The Export-Import Bank died last night when its charter expired. After 81 years, what is commonly known as Boeing’s Bank is headed toward Washington’s trash bin. When Congress returns it could revive Ex-Im, which primarily subsidizes big business exports. But a proper burial for what Barack Obama once called “corporate welfare” would save Americans money, reduce economic injustice, and promote economic growth. Ex-Im’s closure is a very rare victory for the good guys in Washington. Crony capitalism is running rampant in America, undermining confidence in a market economy.
According to the CBO if the US wants to return back to its long-term debt/GDP average of 38% of GDP, it needs to boost revenues by 14% or slash spending by 13%. Alternatively, if it wants to keep debt/GDP at its current level of 74% of GDP, the US will need to boost revenues by 6% of cut spending by 5.5%.
In what looks like the latest threat to the US taxpayer stemming from the government's trillion-dollar student loan portfolio, VC-backed tech startups are using attractive refi offers to siphon off the best loans, leaving taxpayers with a book full of IBR enrollees and severely delinquent borrowers who aren't even thinking about making payments.
If the Fed end its strategy of reinvesting TSY holdings, net supply of treasury paper will be close to a trillion dollar per year, for the next decade, as the gigantic pile of securities on the Fed balance sheet shrinks and interest rate expenses explodes.
Democrats are moving on a “$12 by ‘20” pitch, whereby they hope to have the minimum wage hiked to $12 within the next five years. The rationale is simple: restore the purchasing power Americans once had and you will restore robust economic growth. Ok, maybe it's not that simple, because as Republicans note, raising the pay floor by nearly 70% may well cost America jobs, thus making things worse for the very people the wage hike was meant to help.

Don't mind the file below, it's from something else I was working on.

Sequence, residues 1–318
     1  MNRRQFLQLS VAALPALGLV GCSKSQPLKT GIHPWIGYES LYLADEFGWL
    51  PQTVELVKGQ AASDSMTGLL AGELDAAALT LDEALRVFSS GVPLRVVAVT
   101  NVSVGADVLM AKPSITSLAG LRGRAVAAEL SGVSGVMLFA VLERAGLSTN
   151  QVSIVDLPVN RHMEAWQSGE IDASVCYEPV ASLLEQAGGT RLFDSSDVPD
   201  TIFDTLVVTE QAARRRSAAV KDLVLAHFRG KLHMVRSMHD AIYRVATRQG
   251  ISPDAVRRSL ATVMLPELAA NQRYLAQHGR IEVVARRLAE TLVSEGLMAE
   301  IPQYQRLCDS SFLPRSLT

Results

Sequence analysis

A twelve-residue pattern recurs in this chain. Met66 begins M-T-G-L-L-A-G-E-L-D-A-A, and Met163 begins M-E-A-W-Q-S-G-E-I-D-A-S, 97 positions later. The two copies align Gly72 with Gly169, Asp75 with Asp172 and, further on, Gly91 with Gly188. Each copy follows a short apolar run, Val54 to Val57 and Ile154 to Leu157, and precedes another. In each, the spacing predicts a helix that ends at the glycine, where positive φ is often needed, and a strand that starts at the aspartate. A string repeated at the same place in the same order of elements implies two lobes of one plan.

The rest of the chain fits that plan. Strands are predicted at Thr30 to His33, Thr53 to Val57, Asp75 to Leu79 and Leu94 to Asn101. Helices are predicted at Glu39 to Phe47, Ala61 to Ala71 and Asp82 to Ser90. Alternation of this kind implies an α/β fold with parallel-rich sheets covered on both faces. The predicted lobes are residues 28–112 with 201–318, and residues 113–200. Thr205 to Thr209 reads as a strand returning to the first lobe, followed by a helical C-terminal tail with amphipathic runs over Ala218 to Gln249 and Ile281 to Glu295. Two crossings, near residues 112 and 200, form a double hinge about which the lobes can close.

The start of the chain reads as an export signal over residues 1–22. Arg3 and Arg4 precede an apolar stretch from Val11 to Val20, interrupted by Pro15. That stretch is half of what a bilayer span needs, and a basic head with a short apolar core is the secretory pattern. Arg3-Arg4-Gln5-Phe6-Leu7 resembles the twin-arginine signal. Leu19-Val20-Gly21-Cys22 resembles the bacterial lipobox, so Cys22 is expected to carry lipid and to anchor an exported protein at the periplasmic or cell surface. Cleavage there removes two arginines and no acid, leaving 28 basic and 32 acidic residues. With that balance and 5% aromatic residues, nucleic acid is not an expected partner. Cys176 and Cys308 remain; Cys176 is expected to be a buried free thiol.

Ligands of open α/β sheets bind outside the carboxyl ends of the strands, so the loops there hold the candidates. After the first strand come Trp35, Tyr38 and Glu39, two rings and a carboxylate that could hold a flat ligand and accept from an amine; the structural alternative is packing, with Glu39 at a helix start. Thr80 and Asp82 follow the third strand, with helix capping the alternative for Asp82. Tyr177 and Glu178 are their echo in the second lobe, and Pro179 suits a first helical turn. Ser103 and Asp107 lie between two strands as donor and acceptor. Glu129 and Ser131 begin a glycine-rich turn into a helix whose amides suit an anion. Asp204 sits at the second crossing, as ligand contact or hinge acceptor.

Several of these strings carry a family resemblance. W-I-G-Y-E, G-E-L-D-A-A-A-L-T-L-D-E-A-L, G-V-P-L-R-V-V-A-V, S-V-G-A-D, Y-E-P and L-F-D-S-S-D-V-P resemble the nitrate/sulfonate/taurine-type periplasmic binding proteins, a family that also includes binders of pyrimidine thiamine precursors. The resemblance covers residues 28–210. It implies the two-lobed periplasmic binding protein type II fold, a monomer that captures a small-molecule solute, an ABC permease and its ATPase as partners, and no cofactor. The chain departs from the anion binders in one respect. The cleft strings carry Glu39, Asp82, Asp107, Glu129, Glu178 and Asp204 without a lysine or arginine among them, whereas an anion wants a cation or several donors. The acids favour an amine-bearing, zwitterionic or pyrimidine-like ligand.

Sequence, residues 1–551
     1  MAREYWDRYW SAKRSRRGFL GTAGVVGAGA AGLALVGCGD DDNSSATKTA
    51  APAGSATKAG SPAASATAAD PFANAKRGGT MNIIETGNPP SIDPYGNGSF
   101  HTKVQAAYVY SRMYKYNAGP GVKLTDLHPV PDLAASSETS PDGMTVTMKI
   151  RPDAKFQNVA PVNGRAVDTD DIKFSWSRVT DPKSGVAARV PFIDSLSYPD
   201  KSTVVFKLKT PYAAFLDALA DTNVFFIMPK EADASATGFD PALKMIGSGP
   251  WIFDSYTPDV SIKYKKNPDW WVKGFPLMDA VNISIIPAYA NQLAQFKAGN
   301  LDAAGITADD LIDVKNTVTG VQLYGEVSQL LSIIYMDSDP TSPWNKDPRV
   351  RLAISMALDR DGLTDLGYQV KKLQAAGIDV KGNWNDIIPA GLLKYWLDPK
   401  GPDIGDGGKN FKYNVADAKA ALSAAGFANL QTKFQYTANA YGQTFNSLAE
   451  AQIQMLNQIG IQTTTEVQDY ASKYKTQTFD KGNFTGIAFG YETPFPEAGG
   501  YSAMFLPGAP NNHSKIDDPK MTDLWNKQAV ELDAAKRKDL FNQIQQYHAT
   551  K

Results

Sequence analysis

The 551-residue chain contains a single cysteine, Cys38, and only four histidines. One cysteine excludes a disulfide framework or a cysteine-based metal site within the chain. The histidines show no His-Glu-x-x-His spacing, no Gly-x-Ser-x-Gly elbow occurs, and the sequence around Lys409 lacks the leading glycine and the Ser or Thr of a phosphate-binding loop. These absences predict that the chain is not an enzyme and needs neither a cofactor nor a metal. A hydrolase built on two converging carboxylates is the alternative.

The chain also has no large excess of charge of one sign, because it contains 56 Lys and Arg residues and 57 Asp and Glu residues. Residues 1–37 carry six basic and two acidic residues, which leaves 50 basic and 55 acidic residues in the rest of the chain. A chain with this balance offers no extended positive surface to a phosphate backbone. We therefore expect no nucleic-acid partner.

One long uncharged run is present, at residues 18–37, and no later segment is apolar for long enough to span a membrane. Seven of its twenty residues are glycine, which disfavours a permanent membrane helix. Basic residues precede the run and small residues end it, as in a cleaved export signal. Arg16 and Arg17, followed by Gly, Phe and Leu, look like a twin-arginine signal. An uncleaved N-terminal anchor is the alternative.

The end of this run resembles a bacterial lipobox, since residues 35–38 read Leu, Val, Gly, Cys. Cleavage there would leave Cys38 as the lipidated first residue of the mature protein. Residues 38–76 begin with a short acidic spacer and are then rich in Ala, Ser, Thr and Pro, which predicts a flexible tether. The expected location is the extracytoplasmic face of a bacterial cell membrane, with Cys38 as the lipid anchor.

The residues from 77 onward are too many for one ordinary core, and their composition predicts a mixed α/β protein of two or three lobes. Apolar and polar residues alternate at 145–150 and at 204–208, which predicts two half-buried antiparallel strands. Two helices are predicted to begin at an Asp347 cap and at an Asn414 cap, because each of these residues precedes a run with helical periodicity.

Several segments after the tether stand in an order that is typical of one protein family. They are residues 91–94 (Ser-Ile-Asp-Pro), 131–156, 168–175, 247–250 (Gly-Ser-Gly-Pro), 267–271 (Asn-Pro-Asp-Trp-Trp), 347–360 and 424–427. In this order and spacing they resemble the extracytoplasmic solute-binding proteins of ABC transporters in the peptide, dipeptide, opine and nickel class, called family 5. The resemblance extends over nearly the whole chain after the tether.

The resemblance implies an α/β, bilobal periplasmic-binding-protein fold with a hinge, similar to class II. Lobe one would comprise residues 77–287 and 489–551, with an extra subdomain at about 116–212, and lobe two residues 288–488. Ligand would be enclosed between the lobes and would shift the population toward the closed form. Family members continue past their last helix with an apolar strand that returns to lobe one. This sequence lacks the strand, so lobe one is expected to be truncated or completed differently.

The key feature of age is that it happens no matter what you think. What does this mean? It means the “old countries” – their assets and their institutions, at least the ones that depend on population, income and credit growth – are “fastened to a dying animal” and are not likely to survive in their present form. Today, these countries, including the US, are victims of demography. Older people get more money from the government. And they pay less in taxes. Old people also slow the rate of GDP, for obvious reasons: They are not adding to output; they are living on it.
In the previous installments of this series, we discussed the hidden and often unspoken crisis brewing within the employment market, as well as in personal debt. The primary consequence being a collapse in overall consumer demand, something which we are at this very moment witnessing in the macro-picture of the fiscal situation around the world. Lack of real production and lack of sustainable employment options result in a lack of savings, an over-dependency on debt and welfare, the destruction of grass-roots entrepreneurship, a conflated and disingenuous representation of gross domestic product, and ultimately an economic system devoid of structural integrity — a hollow shell of a system, vulnerable to even the slightest shocks.